Seeking the “green” light – The US Treasury Department is weighing new requirements for “green” hydrogen producers, creating schisms among energy groups about how to ensure the fuel is a low-carbon resource, E&E News reports. Green hydrogen production involves extracting the fuel from water molecules using renewable electricity in a process that doesn’t emit carbon. The climate law sought to encourage that by offering tax credits to hydrogen producers that manage to zero out their carbon emissions, rather than just paring them back. Yet some prospective producers of hydrogen want to bend the definition of “green,” say analysts. Instead of building their own wind or solar facilities and drawing power directly from those projects on-site, some producers hope to use grid electricity — including electricity from coal or gas — while buying renewable energy certificates or other offsets so hydrogen can qualify as clean under the law.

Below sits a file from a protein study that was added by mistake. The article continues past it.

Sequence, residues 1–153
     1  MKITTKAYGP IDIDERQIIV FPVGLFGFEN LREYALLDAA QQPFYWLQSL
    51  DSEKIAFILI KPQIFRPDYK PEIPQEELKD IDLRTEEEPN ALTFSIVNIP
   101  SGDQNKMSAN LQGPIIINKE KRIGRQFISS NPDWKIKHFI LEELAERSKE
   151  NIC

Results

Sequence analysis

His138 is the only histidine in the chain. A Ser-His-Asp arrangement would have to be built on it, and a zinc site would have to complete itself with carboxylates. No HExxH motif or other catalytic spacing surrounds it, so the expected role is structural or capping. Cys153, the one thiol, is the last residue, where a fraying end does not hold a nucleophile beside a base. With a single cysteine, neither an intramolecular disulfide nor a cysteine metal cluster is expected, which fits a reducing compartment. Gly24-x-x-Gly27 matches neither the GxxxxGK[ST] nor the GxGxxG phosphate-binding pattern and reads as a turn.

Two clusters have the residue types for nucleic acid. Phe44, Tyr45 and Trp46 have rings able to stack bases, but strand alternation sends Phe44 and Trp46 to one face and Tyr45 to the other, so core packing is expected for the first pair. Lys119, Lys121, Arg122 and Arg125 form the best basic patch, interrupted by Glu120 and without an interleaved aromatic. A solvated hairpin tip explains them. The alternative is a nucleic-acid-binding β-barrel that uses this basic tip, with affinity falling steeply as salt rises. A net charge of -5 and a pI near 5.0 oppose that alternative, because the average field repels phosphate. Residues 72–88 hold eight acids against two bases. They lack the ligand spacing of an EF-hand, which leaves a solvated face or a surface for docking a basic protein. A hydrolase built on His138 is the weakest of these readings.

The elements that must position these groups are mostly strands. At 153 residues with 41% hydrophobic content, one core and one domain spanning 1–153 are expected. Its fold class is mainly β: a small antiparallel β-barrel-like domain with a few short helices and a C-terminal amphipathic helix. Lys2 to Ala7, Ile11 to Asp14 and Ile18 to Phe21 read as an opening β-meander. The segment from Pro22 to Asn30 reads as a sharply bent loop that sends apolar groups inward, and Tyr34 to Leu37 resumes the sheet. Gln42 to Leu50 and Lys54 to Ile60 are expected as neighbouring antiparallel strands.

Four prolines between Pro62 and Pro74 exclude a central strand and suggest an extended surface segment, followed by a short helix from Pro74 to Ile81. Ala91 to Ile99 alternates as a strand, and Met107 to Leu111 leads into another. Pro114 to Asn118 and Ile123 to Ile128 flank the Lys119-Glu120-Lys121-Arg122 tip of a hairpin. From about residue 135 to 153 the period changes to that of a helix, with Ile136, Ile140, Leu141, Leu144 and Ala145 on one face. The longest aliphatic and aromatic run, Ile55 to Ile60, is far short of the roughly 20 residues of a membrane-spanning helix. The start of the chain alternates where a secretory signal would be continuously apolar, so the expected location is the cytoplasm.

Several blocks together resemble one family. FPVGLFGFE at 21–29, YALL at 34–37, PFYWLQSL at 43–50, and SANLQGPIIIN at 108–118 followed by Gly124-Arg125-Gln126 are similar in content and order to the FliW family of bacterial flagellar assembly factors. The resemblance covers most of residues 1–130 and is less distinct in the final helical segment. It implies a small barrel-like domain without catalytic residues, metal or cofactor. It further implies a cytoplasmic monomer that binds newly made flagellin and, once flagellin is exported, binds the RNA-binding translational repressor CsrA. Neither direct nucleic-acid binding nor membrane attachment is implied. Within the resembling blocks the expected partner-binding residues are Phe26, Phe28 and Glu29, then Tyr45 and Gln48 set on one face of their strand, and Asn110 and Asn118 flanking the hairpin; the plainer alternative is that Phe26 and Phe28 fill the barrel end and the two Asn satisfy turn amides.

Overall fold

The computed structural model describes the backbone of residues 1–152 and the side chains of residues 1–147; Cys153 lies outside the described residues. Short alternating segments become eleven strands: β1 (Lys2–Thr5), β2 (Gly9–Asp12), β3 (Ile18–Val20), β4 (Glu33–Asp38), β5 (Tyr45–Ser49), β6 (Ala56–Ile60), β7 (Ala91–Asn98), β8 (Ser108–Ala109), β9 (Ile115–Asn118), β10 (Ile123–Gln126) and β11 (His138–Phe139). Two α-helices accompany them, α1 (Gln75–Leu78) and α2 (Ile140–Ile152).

Carbon capture quandary – The world’s largest carbon capture project won’t be built at an aging coal plant in New Mexico, E&E News reports. Enchant Energy LLC said Wednesday that it’s “unable to proceed” with a $1.6 bln carbon capture retrofit at the San Juan Generating Station in the state’s northwest corner. The company pointed to a defeat in arbitration proceedings for the city of Farmington, N.M., which was planning to help Enchant gain ownership of most of the plant. The project has been closely watched, as Enchant sought to use interest in slashing carbon emissions to save a facility that dates to the 1970s. The plant had two operating coal-fueled units in recent years. But the San Juan station stopped sending power to the grid in late September, and Farmington through arbitration resisted plans by the facility’s other owners to auction off key equipment at the plant.